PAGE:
Dandelion: Sparkling Wine

Posted by on Jun 8, 2015 in edible, flowers, spring, Unmowed Blog | 0 comments

Dandelion wine.

“The words were summer on the tongue. The wine was summer caught and stoppered.”

Ray Bradbury, the great science fiction writer, was a man who knew how to appreciate summer. And he really knew how to appreciate dandelions:“A pride of lions on the lawn.”

To make dandelion wine, you need the full-blown blossoms. What’s more, you have to harvest the flowers when they’re open. Since dandelion flowers close up tight on cloudy or rainy days, you have no choice but to wait for sunshine. All recipes for dandelion wine agree that you have to pick the flowers in full sun, preferably at noon when they are open wide. (But avoid roadsides or lawns where car emissions or herbicides may pollute the flowers.)dandelion road

So you have to find a noon-time summer meadow, full of bright yellow flowers, and pick them with the warm sun shining down. Mmm.

Pick the warm, sun-bathed blossoms. Breathe in their unique scent, acrid, a little bitter. Get rid of every speck of greenery, which has the sticky sap inside–all the sweetness is in the yellow. The flowers are rich with nectar, sweeter even than apple blossoms. That’s not a poetic overstatement–bees will ignore apple blossoms and make a beeline for dandelions, unless orchard owners mow the dandelions at pollination time.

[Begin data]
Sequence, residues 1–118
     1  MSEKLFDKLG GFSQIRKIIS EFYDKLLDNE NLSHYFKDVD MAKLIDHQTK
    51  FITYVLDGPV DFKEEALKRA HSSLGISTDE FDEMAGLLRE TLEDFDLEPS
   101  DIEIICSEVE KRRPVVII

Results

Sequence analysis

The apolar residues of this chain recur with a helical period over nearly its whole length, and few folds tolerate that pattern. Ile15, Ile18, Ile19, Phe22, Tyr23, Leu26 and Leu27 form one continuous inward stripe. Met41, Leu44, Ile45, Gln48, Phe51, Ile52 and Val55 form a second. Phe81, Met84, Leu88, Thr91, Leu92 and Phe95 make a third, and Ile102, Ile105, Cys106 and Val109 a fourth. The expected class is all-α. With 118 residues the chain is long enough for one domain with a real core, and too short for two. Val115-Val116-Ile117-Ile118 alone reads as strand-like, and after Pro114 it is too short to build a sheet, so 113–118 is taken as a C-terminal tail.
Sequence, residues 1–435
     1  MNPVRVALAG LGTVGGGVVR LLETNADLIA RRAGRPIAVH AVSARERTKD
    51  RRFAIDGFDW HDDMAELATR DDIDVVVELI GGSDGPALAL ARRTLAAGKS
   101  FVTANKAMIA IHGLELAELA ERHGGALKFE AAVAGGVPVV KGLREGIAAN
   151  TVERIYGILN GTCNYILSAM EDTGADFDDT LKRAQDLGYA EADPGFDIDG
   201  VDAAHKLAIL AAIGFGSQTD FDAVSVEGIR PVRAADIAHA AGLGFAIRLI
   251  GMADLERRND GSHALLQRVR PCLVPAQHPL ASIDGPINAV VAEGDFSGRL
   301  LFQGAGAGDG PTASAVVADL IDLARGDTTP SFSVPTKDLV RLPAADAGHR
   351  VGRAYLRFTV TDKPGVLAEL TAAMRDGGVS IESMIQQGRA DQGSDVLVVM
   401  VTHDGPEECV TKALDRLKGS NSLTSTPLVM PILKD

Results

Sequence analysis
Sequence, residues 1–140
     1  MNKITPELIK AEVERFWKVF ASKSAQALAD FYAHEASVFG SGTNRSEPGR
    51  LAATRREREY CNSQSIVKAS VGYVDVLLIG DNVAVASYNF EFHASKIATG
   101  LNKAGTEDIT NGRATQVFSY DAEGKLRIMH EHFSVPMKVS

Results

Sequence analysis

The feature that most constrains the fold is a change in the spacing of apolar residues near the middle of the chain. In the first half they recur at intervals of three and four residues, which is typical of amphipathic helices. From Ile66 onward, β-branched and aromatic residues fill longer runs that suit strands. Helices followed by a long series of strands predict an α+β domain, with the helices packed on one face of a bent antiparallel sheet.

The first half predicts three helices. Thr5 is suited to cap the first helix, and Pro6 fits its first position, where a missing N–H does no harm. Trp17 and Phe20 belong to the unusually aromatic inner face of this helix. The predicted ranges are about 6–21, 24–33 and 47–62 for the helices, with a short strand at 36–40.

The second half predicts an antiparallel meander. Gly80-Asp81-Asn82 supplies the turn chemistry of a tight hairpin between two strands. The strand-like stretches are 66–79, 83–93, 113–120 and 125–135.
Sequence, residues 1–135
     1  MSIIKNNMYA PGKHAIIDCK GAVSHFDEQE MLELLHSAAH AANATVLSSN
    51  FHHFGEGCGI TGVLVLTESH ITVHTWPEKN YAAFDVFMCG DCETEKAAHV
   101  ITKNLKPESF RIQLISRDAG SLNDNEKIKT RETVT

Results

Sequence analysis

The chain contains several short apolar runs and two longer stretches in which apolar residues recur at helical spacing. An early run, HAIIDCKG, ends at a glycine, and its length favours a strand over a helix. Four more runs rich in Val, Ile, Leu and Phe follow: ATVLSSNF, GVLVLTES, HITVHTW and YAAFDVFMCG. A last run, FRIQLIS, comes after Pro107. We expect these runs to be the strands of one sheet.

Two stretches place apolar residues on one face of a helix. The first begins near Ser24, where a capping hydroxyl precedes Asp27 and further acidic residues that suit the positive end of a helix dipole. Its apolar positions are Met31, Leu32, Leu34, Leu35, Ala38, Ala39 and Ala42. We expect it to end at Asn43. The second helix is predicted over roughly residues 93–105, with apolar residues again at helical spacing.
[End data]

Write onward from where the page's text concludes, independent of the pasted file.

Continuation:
Simmer the golden flowers with a little sugar and orange peel, and let the mixture ferment for a couple of weeks. Strain, and then pour the pale liquid into glass bottles. That’s all there is to it. Only of course, that’s like saying Oh, just take a paintbrush, dab some paint on a canvas, and paint a masterpiece, nothing to it! Wine-making is an art that takes years to learn.

But if you do give it a try, put the wine in the cellar till winter.

“Hold summer in your hand, pour summer in a glass.”

Traditionally, dandelion wine was saved to be drunk at the winter solstice. Dandelion wine has long been a cure for the illnesses of winter: colds, flu, coughs, the mid-winter blues in general. The wine is light yellow, sweet, a little sparkly, like champagne. It’s very pleasant medicine, especially during a January blizzard.

“Repeating the fine and golden words…as they would be repeated every winter for all the white winters in time. Saying them over and over on the lips, like a smile, like a sudden patch of sunlight in the dark.

“Dandelion wine. Dandelion wine. Dandelion wine.”dandelion wine

 

 

All quotes are from Ray Bradbury’s classic hymn to summer, Dandelion Wine.

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